Wednesday, February 08, 2006

Raven’s Promise of Peace

In the beginning of time the world was covered with ice & snow. One day Raven the Creator came from heaven and made the world green, like it is today. But Raven wanted something to be a reminder and a teaching to the people of the beginning times and its whiteness. So Raven went among the black bear people in the new paradise and chose every tenth bear to be as white as snow to honour the world as it was during the past age of ice. Upon finishing this task Raven looked upon them all and declared: "Moksmg’ol (the white bears) will live here forever in peace."

This paradise has since become known as the Great Bear Rainforest of British Columbia, and the rare Spirit Bear (also known as the Kermode Bear) is one of its great mysteries and delights. The bears are a genetically unique subspecies of the black bear and the remaining 400 of them are found only on Canada’s west coast. They are a global treasure.

The Spirit Bears require an intact ecosystem to sustain a stable gene pool that in turn creates the conditions that produce them (they are not albino but are born white as the result of a double recessive gene). This process is obviously threatened by development and as such environmentalists and other groups have been fighting for years to protect the habitat that the bears need. The British Columbian government yesterday announced the combined Central Coast and North Coast Land and Resource Management Plan (LRMP) that "protects" the area often referred to as the Great Bear Rainforest.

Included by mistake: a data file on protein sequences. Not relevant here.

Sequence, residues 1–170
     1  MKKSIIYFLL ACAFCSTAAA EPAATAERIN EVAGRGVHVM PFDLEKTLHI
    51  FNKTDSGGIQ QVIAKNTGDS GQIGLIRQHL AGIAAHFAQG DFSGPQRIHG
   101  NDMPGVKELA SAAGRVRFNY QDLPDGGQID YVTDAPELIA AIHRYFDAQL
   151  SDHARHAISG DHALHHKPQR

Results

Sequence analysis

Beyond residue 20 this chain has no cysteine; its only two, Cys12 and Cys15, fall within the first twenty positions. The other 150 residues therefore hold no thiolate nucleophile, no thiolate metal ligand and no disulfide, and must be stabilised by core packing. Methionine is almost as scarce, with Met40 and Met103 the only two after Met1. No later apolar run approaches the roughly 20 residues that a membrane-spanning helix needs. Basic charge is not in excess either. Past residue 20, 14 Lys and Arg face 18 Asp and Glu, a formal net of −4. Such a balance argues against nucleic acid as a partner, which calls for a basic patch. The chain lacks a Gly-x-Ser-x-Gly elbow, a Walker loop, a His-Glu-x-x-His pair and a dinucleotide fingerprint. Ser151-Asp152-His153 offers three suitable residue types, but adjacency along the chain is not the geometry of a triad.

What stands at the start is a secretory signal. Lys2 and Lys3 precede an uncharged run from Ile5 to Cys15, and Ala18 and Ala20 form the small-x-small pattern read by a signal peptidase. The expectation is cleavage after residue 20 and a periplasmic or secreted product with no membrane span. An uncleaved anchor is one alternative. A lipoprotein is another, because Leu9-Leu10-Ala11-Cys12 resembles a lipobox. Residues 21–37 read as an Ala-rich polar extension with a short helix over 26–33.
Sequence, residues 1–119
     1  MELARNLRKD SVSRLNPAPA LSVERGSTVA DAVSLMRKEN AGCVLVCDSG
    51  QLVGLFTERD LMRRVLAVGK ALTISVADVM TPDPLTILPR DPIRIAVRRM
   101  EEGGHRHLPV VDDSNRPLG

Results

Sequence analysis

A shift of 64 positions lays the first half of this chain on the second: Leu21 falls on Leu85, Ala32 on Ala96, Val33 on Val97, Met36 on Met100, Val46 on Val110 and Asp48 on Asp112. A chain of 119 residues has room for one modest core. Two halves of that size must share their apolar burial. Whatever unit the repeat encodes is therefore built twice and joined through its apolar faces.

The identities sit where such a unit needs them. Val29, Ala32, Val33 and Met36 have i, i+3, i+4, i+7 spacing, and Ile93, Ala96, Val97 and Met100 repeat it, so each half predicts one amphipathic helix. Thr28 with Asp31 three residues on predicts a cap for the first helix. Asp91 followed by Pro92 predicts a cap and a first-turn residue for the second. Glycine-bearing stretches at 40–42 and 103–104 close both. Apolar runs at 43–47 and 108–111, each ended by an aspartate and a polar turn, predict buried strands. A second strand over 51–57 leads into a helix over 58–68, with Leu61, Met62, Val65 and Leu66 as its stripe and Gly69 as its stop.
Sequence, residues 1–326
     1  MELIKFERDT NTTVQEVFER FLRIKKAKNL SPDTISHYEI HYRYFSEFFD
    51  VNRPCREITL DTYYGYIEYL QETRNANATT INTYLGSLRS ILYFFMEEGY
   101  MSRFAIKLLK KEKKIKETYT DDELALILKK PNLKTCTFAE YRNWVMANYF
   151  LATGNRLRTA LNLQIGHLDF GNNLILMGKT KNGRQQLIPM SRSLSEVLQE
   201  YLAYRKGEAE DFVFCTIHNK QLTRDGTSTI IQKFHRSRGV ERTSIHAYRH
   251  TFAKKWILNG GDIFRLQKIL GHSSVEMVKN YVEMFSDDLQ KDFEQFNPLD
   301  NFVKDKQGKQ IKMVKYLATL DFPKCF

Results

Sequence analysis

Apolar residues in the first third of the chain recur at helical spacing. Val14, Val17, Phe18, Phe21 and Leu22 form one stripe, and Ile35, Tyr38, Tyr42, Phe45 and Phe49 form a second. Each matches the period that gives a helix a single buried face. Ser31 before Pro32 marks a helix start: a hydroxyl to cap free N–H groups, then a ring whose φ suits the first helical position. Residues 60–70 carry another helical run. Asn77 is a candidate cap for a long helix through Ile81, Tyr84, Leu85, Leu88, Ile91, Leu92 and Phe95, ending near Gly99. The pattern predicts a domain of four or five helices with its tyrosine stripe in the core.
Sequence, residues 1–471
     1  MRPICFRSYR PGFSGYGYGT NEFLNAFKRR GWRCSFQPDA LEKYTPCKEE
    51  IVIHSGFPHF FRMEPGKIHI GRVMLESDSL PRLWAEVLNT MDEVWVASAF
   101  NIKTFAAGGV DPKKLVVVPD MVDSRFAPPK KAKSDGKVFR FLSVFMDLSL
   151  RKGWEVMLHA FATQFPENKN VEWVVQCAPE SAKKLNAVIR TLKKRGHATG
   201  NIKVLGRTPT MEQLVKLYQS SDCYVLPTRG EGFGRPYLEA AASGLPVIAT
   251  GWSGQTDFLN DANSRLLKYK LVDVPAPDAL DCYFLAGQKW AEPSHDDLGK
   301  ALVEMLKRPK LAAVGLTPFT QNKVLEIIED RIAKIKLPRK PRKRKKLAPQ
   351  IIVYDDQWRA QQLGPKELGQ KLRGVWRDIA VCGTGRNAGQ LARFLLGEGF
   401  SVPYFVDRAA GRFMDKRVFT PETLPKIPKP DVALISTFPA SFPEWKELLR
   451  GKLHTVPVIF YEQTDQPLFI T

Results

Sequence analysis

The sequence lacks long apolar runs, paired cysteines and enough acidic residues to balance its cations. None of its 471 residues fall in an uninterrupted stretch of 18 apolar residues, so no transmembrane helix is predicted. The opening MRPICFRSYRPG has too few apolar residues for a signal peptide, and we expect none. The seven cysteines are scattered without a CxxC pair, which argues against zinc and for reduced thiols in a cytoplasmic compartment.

It should be noted though that it’s not actually or even entirely "protected."

4.4 million acres will be protected as parkland, while the remaining 11.6 million is "zoned" for administration under a "special management plan" aimed at lessening the impact certain commercial activities will have on the environment. For example "Protected Areas" and "Biodiversity Areas" will be safe from commercial logging yet mining will be allowed in the "Biodiversity Areas." And something called "Ecosystem-based management" will oversee "sustainable forestry" in the other areas (but what this means has not yet been defined). I hope they have found the perfect balance here, but I am skeptical.

Given the importance of this area (it is an old growth temperate rainforest that is home to many species other than the Spirit Bears including salmon, grizzlies, black bears, wolves, cougars, mountain goats, moose, and deer as well as huge ancient hemlock and cedar trees - a land so rich that biologists have compared it to the Galapagos Islands and the Amazon jungles) I will continue to hope for the day that the entire area can truly be preserved as The Great Bear Rainforest. Until then, may the Spirit Bear forever be wild and free, and may there finally be peace in the forest. Mitakuye Oyasin.

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